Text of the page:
“I tend to think of the exhibitions I do as a loose accumulation of paintings with no single theme—like a variety show,” artist Glenn Brown said in 2007. “A comedy act, a magician, dancing girls, a ventriloquist, and of course a good impressionist make, I think, a reasonable show.” Glenn Brown: Three Exhibitions, a survey of shows from 2004, 2007, and 2009 published by Rizzoli and the Gagosian Gallery, gives you a front row seat at the variety show that is Brown’s art. The cast of characters comes from the collected imagery of art history’s past. But rather than a mere revival show, Brown’s revue is something new. “Brown has likened himself to Dr. Frankenstein,” Rochelle Steiner writes in her essay, “creatively piecing together sections of figures, backgrounds, colour palettes, shadows, and compositions, among other elements—but his approach goes far beyond that of cutting and pasting to create works of art that are without doubt his own.” It’s alive, you’ll scream, as you see the good doctor slice and dice past masters into a modern mastery of his own.

Steiner focuses on this mash-up method of Brown’s. For example, Brown’s Nausea (2008) and The Great Queen Spider (2009) both reference Diego Velazquez’s Portrait of Innocent X “but also lurking is the spirit of Francis Bacon and his Study after Velazquez’s Portrait of Pope Innocent X,” Steiner observes. “In Brown’s hands,” Steiner continues, “the reproduction of the seventeenth-century image is irreverently turned on its head and distorted, as if the blood has been drained from the pope’s body as part of his conversion into an ethereal winged creature.” Even if you view the inversion as imitative of Georg Baselitz, Steiner praises Brown’s “cropping [of] the head and feet, [through which] he transforms the semitransparent entities into strange mothlike apparitions of undefined size, with a vertebrate structure at the bottom and decorative ‘eyes’ at the top.” Even the twisted mind of Bacon never saw a killer moth in the painting of the malevolent pontiff. Brown goes there, again and again.

For art history buffs, Brown is a veritable buffet. A painting such as 2009’s Star Dust combines Jean-Honore Fragonard and Jeff Koons. A short list of influences (and this is the short list) includes in no chronological or rational order Chaim Soutine, Ernst Ludwig Kirchner, Gustave Courbet, Arnold Bocklin, Frank Auerbach, Vincent Van Gogh, Willem de Kooning, Salvador Dali, Anthony van Dyck, Rembrandt, Matthias Grunewald, and Arcimboldo. Yet what flows from all those who came before and exudes from Brown’s work as uniquely his own is the sense of life within the paintings. “[W]hat appear as colourful patterns and surface textures emerge as embedded eyes, orifices, and suggestive features that point to alternate realities embedded within and underlying his subjects,” Steiner writes. “A portrait, a figure, a head, or a foot might also be a ghost, a zombie, a planet, a faraway point.” For David Freedberg, whose essay dates from a 2004 show, Brown seems a magician of painting. At first, Brown seems “one of the great exponents of the vigorous stroke, of brilliant impasto, of the thick and decisive line,” yet when standing before the paintings in reality, you see that he paints “with all the care and precision of an old master, everything is perfectly smooth,” Freedberg explains. Just when you think you understand what Brown is doing, you don’t. He eludes our grasp just as his swirling, pulsating figures would slip between our fingers if they existed in our world.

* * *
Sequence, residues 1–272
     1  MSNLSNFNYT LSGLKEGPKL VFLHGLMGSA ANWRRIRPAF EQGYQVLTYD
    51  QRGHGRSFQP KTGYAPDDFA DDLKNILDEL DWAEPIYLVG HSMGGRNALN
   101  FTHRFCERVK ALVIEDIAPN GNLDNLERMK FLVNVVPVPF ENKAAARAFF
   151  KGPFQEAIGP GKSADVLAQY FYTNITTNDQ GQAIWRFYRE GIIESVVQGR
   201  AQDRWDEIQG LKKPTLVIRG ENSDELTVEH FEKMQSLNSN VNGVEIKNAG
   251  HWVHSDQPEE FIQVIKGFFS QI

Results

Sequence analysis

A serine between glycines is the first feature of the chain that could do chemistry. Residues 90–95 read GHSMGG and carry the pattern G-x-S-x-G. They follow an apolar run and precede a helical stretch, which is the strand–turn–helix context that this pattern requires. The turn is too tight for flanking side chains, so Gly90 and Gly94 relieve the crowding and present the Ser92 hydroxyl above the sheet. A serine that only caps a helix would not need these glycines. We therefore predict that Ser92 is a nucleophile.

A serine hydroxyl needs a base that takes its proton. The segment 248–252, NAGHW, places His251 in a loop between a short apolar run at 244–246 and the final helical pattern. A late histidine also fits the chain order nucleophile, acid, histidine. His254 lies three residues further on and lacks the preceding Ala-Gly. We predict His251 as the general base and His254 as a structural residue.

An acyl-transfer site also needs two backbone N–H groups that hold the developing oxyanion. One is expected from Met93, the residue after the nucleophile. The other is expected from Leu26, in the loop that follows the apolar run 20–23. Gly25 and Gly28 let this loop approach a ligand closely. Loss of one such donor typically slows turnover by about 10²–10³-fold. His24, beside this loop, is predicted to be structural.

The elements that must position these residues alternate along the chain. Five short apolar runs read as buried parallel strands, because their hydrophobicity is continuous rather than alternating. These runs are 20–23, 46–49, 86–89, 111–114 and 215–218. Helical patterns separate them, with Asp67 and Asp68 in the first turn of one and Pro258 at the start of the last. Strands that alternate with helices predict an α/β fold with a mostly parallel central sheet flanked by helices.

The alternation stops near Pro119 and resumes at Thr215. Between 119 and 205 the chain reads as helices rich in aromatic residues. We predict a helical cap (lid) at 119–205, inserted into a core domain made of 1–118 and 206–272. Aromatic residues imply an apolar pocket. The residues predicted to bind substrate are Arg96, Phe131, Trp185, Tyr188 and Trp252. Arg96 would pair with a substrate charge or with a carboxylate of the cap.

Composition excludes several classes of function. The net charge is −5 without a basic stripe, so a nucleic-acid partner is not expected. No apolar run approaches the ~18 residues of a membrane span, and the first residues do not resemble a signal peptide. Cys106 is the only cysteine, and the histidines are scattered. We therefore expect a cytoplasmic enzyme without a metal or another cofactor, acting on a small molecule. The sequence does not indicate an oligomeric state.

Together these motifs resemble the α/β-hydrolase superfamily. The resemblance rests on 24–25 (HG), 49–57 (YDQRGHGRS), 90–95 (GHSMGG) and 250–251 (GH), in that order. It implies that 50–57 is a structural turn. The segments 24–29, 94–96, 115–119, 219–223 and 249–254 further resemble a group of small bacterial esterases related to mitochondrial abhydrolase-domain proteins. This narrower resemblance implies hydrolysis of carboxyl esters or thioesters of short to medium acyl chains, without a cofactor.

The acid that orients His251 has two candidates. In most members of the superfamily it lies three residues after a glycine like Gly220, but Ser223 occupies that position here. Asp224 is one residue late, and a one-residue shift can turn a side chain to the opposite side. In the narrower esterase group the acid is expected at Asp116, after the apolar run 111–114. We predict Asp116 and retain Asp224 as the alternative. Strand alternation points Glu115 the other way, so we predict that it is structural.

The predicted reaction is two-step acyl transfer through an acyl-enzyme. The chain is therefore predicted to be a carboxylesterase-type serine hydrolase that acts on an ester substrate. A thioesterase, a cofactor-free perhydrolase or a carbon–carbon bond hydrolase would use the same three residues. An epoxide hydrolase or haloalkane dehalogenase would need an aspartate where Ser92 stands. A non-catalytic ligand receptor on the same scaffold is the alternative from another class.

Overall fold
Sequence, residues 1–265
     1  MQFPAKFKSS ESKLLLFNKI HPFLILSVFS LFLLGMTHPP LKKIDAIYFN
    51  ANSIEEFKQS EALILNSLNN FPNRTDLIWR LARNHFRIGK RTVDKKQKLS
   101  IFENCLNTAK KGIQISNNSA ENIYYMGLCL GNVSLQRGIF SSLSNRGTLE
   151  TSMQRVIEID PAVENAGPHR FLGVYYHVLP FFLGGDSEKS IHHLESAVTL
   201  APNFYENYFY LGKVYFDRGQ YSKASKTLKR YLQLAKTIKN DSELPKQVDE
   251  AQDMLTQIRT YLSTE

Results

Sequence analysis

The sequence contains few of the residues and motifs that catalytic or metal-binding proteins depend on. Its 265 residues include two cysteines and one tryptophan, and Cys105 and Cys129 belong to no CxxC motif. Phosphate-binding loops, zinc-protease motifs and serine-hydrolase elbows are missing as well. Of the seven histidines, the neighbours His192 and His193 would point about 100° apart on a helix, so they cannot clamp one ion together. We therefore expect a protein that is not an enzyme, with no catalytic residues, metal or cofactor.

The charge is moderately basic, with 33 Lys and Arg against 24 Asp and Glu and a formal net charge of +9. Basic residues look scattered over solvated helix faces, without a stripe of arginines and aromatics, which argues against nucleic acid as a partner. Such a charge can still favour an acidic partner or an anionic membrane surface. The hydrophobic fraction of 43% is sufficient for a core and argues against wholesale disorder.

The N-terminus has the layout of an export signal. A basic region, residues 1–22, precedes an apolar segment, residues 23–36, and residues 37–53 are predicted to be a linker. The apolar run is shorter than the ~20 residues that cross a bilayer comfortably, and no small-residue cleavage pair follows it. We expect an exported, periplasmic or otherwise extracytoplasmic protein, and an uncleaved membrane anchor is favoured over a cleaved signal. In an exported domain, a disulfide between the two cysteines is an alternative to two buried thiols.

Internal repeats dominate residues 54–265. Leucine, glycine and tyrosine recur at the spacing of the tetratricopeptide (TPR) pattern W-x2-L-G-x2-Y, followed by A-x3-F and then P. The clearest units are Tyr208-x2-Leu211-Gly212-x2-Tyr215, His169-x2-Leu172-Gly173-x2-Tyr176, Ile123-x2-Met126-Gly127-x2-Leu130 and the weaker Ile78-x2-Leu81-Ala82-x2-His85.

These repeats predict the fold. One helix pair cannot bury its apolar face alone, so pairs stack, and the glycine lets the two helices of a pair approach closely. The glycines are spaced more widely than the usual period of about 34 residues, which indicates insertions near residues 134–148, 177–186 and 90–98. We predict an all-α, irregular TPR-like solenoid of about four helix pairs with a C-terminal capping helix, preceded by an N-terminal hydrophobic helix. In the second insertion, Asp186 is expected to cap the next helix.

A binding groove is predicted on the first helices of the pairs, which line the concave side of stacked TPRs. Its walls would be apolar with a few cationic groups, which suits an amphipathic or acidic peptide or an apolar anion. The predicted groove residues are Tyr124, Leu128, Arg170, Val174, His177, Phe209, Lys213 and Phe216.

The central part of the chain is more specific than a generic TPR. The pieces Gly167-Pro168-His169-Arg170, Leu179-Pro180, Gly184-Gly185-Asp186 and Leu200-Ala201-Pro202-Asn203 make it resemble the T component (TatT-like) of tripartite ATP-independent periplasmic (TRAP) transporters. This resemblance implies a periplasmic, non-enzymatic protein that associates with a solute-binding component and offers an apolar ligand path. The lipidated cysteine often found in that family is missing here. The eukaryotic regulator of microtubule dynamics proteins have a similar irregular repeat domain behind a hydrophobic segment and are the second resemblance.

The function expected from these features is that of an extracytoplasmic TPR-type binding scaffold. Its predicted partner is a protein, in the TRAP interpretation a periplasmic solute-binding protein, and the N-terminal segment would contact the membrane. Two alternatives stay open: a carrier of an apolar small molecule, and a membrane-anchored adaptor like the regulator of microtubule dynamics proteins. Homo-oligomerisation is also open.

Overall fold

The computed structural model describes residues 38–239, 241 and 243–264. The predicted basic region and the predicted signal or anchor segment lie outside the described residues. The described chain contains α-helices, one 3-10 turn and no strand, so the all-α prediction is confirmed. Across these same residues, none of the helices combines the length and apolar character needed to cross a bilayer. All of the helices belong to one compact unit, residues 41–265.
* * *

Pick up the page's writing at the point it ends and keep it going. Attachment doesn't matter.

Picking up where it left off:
Michael Bracewell, in an essay from 2007, captures the essence of Brown perfectly. “Brown’s paintings are above all performances,” Bracewell realizes, “séance as vaudeville; the clanking of chains as ‘easy listening.’” The substance of the Brownian performance for Bracewell is “accumulated thought at pictorial mulch, as though the pulses and currents of the mind could be seen as corporeal matter.” Francis Bacon once called his mind a “pulverizing machine” for images, and Brown’s mind works much the same way, composting even Bacon along with the rest to produce fertile material for his imagination to sow. Here is a strange and sometimes bitter crop, but one that always leaves you revving up the “pulverizing machine” of your own mind.

Freedberg sees Brown “set[ting] painting free on a new road. It is avowedly not the high road, but there is much to explore along the way.” I beg to differ, unless that “high road” is the road of elitists. Brown allows us all to enter the fray of the performance of painting by upsetting all expectations and churning the whole convoluted mess into something interesting, if not coherent. We walk away from his variety show bewildered, perhaps, but always entertained and wanting more. Glenn Brown: Three Exhibitions, with its combination of fascinating text (Bracewell’s line about “Palest pink and liquid violet abut satanic vermilion—an alarming confection” will whet your appetite) and generously colorful and large-scale reproductions, is your ticket to a sneak peak at what might be the future, via the past, of art.

 [Many thanks to Rizzoli and for providing me with a review copy of Glenn Brown: Three Exhibitions and to Gagosian Gallery for providing me with the cover image above.]